Keller Ground Engineering is using an electromagnetic flowmeter to monitor the flow of fluid concrete in a technique known as continuous flight auger for producing piles for foundations.
A Yokogawa flowmeter is playing a key role in a novel application for one of the world’s leading ground engineering contractors.
Keller Ground Engineering is using the meter to monitor the flow of fluid concrete in a technique known as continuous flight auger (CFA) for producing piles for foundations.
The CFA technique involves boring a hole to the required depth using the corkscrew-shaped auger, and then pumping concrete through the auger’s hollow stem prior to withdrawing it and adding reinforcement.
The system provides a quiet, low-vibration form of piling that is ideal for providing foundation support in built-up or environmentally sensitive areas.
Constant monitoring is essential to the success of the CFA system: if too little concrete is pumped into the bore, the foundation will have insufficient strength; if too much is pumped, there is a chance of wastage and additional costs are incurred.
In order to optimise the delivery of concrete, Keller has developed an in-cab instrumentation system for its CFA rigs. This monitors the movement and position of the auger digging head as well as the rate of flow, amount and pressure of concrete delivered during formation of the pile shaft.
A ruggedised computer system assembled in-house, plus software written by Keller’s engineers, is used to provide a real-time display to the rig operator.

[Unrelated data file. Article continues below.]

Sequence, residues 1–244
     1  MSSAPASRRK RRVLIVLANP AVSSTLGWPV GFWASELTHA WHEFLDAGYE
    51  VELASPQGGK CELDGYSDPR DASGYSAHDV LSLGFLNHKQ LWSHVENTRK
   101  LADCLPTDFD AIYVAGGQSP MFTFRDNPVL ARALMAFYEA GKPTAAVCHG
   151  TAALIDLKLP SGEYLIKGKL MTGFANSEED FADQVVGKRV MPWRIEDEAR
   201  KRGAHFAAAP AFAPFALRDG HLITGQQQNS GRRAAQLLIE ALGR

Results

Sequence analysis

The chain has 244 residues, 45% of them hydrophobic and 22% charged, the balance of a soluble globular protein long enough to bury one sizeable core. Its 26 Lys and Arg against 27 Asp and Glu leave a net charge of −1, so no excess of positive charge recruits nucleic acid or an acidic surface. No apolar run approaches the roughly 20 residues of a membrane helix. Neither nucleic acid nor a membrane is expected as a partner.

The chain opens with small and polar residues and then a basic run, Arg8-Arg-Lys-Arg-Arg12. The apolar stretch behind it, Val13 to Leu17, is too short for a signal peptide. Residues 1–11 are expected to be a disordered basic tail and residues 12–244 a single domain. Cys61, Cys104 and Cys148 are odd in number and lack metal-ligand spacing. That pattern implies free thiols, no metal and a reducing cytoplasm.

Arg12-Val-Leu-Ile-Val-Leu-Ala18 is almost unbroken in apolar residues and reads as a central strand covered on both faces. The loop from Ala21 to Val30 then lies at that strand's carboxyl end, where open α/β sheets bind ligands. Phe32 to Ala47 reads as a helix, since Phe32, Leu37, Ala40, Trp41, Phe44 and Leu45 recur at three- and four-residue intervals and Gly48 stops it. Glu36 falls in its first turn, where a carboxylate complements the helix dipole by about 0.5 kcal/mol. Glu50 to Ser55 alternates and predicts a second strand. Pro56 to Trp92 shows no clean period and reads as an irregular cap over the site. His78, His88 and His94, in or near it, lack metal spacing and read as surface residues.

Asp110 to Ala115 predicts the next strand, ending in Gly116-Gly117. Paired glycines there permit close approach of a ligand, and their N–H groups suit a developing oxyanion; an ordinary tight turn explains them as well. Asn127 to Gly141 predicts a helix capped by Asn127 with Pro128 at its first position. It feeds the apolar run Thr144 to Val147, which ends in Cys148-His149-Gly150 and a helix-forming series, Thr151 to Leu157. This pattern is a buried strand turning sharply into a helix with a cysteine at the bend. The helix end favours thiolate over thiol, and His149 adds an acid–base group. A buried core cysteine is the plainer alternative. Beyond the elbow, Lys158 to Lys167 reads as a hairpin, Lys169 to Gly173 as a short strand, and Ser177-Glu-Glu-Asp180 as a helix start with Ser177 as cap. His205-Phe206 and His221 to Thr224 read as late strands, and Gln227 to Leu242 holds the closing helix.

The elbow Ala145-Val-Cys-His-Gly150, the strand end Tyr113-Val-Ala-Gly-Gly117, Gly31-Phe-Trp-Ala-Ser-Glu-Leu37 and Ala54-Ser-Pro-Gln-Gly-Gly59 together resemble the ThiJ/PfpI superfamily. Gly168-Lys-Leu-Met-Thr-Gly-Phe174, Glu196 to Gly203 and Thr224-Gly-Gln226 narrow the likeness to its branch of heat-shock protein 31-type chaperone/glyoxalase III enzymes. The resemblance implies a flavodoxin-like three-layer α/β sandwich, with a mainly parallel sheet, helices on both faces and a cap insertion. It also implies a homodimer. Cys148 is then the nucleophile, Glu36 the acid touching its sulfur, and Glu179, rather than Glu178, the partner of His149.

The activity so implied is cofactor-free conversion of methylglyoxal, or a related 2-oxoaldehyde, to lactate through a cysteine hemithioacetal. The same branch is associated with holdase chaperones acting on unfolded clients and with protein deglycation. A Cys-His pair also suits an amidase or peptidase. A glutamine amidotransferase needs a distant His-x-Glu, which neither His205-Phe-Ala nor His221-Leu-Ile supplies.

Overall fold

The display shows current values of depth, pressure, flow rate, and total volume pumped, and provides an indication to the operator of the ideal concrete pump speed at any particular instant. A hard-copy printoutprovides a permanent record of each pile constructed to give full assurance of quality.
Measurement of the concrete flow is clearly a key parameter in this process, but there are few flowmeters available that can withstand this particular environment. Early trials using ceramic-lined meters were discontinued when the original manufacturer stopped making the product, and a series of abortive efforts were made using alternative materials including plastics, urethane and rubber.
Eventually, after an Internet search, Keller engineers found a reference to Yokogawa flowmeters being used for concrete flow monitoring during the construction of the Channel Tunnel. They approached Yokogawa’s UK operation at Runcorn, who supplied an Admag AE electromagnetic flowmeter with a ceramic lining. Kelleris now using both 4-inch and 6-inch models on its CFA rigs.
Eventually, Keller Ground Engineering hopes to upgrade its entire UK fleet of Soilmec CM48 CFA rigs with Yokogawa flowmeters.
The Admag AE flowmeter uses Yokogawa’s patented dual-frequency technique for both noise immunity and zero stability, making it suited to applications such as batching, filling and the measurement of pulps and slurries as well as concrete.